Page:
- Associated Press - Wednesday, December 29, 2010

Failed U.S. Senate candidate Christine O'Donnell said Thursday that accusations she misspent campaign funds are politically motivated and stoked by disgruntled former campaign workers.
The Delaware Republican appeared on several network morning shows to defend herself a day after the Associated Press reported federal authorities have begun a criminal probe to determine whether she broke the law by using campaign money to pay personal expenses.
“There’s been no impermissible use of campaign funds whatsoever,” Ms. O’Donnell told ABC’s “Good Morning America.”
Ms. O'Donnell, the “tea party” favorite who scored a surprise primary victory before losing in the general election, suggested the accusations are driven by political establishments on the right and left, including Vice President Joseph R. Biden Jr. He represented Delaware in the Senate for decades before he became vice president.
“You have to look at this whole thug-politic tactic for what it is,” she said Thursday.
Ms. O'Donnell said she found it suspicious that she, her campaign staff and her lawyer have not been informed of a federal investigation.
A person familiar with the investigation confirmed it to the AP, speaking on the condition of anonymity to protect the identity of a client who has been questioned as part of the probe. The case, which has been assigned to two federal prosecutors and two FBI agents in Delaware, has not been brought before a grand jury.
Ms. O’Donnell, who set a state record by raising at least $7.3 million in a tea party-fueled campaign this year, has been dogged by questions about her personal and campaign finances.
At least two former campaign workers have alleged that she routinely used political contributions to pay personal expenses including her rent as she ran for the Senate. She has run three consecutive times, starting in 2006.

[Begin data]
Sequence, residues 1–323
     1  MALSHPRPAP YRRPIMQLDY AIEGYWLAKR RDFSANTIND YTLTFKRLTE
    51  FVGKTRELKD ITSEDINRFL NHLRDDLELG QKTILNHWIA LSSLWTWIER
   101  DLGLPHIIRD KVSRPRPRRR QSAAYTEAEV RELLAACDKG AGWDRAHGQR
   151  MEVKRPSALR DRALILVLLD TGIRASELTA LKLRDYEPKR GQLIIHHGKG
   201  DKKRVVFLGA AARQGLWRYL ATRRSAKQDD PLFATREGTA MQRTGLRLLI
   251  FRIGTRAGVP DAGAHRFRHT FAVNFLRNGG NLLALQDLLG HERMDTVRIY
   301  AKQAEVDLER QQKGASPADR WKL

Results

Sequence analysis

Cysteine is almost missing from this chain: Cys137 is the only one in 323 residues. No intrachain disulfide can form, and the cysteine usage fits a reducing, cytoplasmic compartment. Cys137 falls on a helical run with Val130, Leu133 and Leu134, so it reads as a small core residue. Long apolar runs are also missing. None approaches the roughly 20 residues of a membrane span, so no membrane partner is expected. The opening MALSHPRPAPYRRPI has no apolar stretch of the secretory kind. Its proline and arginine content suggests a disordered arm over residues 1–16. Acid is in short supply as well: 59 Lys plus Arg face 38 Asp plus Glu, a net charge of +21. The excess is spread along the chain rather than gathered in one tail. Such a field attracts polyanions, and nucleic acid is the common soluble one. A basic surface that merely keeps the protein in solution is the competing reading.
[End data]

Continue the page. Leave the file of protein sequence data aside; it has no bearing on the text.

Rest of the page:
Ms. O'Donnell has acknowledged paying part of her rent with campaign money, arguing that her house doubled as a campaign headquarters.
On Thursday, she told NBC’s “Today Show” that people making the spending allegations include a fired former staff member and a former volunteer, both of whom she described as disgruntled. She said many other workers who stayed longer with her campaigns have defended her.
Her contention that the accusations were politically motivated echoed a written statement she released the previously day, which singled out Mr. Biden.
“Given that the king of the Delaware political establishment just so happens to be the vice president of the most liberal presidential administration in U.S. history, it is no surprise that misuse and abuse of the FBI would not be off the table,” she said.
The vice president’s office declined to comment.
Ms. O'Donnell’s campaign also has criticized the nonpartisan watchdog group, Citizens for Responsibility and Ethics in Washington, which filed a complaint about Ms. O'Donnell’s campaign spending this fall and asked Delaware’s federal prosecutor to investigate.
Ms. O'Donnell has said the group is part of a liberal effort to kill her career, noting that the organization is run by Washington attorney Melanie Sloan, who worked under Mr. Biden as a lawyer for the Senate Judiciary Committee in the early 1990s.
Ms. Sloan dismissed the criticism Thursday, emphasizing that the allegations originated with conservatives who worked for Ms. O'Donnell.
“I don’t see how anybody can say that those people are part of the liberal machine,” Ms. Sloan said. “What CREW did was look at what they were saying and say, ‘Wait a minute, that’s against the law.”’
The U.S. attorney’s office in Delaware has confirmed it is reviewing CREW’s complaint. But officials in the office and the FBI declined to say whether a criminal investigation is under way.
Federal law prohibits candidates from spending campaign money for personal benefit. FEC rules state that this prohibition applies to the use of campaign money for a candidate’s mortgage or rent “even if part of the residence is being used by the campaign,” although Ms. O'Donnell’s campaign has maintained that it was told otherwise by someone at the agency.
Ms. O'Donnell drew national attention in September when she upset U.S. Rep. Michael N. Castle for the GOP Senate nomination. She was handily defeated in November by Democrat Chris Coons after a campaign that focused largely on past controversial statements, including that she had “dabbled into witchcraft” when she was young.



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